Breathing is one of the foundational ways to stay mindful during meditation. Focusing on your breath helps your body relax and your mind stay in a rhythm of attention. To practice meditative breathing, start with inhaling through your nose for three seconds and exhaling through your mouth for four seconds. You may want to adjust this as you get more comfortable with your practice, but this is a good place to start. Whenever you find yourself slipping away into distracted thoughts during your meditation, you can always come back to your breathing!

Total body check-in

A total body check-in is an amazing tool for mindfulness, and you can either begin your meditation with one or choose to use it as your main practice for the day.

The idea behind this is that in order to be fully present in our moment, we want to make sure that we are present in our mind and body. To do a total body check-in, you’ll want to start at the tip of your toes and work your way up through the top of your head, or vice versa. As you maintain your posture and rhythm of breathing, focus on each part of your body one by one. How do your hips feel? Are your shoulders relaxed? Is there any pain in your hands? Checking in with your body is a simple and effective way to be more aware in your present moment.


Another great way to meditate is focusing on a mantra, or saying, that you find helpful. Once you find a saying or two that you want to reflect on, you can apply it to your meditation practice. While maintaining your posture and breathing, repeat the mantras aloud or in your head. If you’re working on feeling less anxious, an example of a meditation mantra could be, “It might not be okay now, but it will be okay soon enough.” If you’re working on cultivating more happiness in your life, you could use a mantra like, “I’ll change what I can and make peace with what I can’t.”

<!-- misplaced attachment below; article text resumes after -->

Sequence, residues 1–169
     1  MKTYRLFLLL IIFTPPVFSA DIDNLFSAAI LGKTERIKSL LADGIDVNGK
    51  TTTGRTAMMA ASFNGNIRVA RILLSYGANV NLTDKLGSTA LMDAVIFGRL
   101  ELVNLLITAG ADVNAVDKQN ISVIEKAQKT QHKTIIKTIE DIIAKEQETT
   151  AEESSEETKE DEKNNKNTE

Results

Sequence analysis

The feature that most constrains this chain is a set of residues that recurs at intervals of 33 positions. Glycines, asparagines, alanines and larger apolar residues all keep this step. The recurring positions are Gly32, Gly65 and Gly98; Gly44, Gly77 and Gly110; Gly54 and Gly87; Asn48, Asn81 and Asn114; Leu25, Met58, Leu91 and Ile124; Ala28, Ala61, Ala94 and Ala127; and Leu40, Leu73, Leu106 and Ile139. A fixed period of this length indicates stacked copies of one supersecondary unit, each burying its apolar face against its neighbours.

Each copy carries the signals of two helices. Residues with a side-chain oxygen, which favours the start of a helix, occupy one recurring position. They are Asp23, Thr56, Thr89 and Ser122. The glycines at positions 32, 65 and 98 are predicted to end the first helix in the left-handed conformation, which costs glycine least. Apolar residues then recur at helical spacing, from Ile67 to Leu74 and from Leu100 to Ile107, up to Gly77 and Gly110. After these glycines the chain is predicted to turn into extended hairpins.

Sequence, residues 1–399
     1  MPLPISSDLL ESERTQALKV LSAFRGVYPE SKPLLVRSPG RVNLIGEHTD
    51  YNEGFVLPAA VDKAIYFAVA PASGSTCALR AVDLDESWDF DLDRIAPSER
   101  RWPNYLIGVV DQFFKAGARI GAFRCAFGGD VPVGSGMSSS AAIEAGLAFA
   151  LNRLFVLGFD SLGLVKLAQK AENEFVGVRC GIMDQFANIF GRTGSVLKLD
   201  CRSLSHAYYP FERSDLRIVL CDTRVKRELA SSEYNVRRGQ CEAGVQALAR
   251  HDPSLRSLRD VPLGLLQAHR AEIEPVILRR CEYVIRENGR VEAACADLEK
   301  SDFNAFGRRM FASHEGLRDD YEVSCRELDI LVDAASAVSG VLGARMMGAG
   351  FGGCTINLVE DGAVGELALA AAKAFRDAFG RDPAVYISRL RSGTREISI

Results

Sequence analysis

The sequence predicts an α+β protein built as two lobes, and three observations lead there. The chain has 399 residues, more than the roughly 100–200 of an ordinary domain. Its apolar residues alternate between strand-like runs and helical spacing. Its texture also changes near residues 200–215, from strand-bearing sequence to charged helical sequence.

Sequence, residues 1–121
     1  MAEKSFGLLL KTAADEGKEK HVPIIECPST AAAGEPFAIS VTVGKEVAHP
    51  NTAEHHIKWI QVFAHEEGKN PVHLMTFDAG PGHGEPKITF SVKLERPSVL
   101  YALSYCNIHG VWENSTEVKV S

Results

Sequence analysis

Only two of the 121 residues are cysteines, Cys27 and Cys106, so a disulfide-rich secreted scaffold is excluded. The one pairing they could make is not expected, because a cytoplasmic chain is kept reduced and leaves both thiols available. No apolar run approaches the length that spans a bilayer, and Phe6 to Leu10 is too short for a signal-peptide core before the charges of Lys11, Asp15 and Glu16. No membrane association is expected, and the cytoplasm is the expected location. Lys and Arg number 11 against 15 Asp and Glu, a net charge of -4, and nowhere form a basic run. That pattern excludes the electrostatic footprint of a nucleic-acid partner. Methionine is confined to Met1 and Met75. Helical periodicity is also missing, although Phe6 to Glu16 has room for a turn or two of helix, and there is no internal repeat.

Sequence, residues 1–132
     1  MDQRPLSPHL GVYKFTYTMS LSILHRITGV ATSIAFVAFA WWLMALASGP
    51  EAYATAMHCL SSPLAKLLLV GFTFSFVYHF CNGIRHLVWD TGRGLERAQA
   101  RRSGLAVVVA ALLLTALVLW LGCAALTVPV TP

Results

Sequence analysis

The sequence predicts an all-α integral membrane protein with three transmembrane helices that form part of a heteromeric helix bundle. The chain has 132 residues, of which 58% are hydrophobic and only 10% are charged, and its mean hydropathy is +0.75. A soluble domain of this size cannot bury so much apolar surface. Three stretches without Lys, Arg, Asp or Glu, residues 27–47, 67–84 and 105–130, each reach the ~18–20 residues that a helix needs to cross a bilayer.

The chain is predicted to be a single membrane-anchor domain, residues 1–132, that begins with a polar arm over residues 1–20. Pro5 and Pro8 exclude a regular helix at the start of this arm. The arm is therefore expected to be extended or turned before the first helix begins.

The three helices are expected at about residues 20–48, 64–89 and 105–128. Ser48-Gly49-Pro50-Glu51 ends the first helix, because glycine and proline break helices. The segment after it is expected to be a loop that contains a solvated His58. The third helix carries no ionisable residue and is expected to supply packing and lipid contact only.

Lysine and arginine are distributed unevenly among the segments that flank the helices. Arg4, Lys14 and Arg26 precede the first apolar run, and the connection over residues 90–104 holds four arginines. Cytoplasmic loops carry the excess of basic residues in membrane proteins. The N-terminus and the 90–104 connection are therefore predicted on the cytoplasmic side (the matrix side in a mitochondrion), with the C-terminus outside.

Guided meditation

If you’re finding that these forms of meditation aren’t what you’re looking for, you can also try guided meditation. Guided meditations are extremely popular and available on multiple platforms like Spotify, Apple Music, and mobile apps like Insight Timer. You can choose from multiple topics such as happiness, healing, letting go, and anxiety. Someone will then lead you through a mindful meditation on this topic. These are great for days when you’re feeling especially distracted or exhausted and need some extra help.

Awesome Meditation Tools

If mindful meditation is something you want to add to your life, it’s a good idea to have helpful some tools by your side. Here are a few of our favorites:

Insight Timer

Insight Timer is one of the best rated and most popular meditation apps for your phone. The free version has over 15,000 guided meditations to choose from, and it allows you to search based on category, rating, or length of time. They offer a premium version for only $5 a month, which allows you to access additional meditation courses and cool features as well.

Headspace App

Headspace is an app that offers guided meditations, daily exercises, and a variety of peaceful sleep sounds. CEO and co-founder, Andy Puddicombe, is a former monk and expert on mindfulness meditation. They offer a free trial period, but users have to pay $7.99-12.99 per month after that.

Calm the Chaos Journal

If you want something a little more traditional than a meditation phone app, this daily journal is an excellent choice. With simple prompts and goal-setting features, this journal is a fun addition to your meditation practice.  

Conclusion: Start Small and Keep Going

As you can see, mindful meditation can look very different depending on who is practicing. If this is something you want to try in your life, we hope this guide has been a useful tool for helping you begin.

It is important to remember that when it comes to meditating, it’s okay to start small. If you’ve never done it before, begin with just five or ten minutes. The key is to keep trying, even if you find yourself getting frustrated. If it feels too hard one day, put it aside and try again tomorrow. You won’t achieve perfect mindfulness overnight, but if you stick with it, you really will see the amazing benefits that mindful meditation can offer.

TBN, delivered.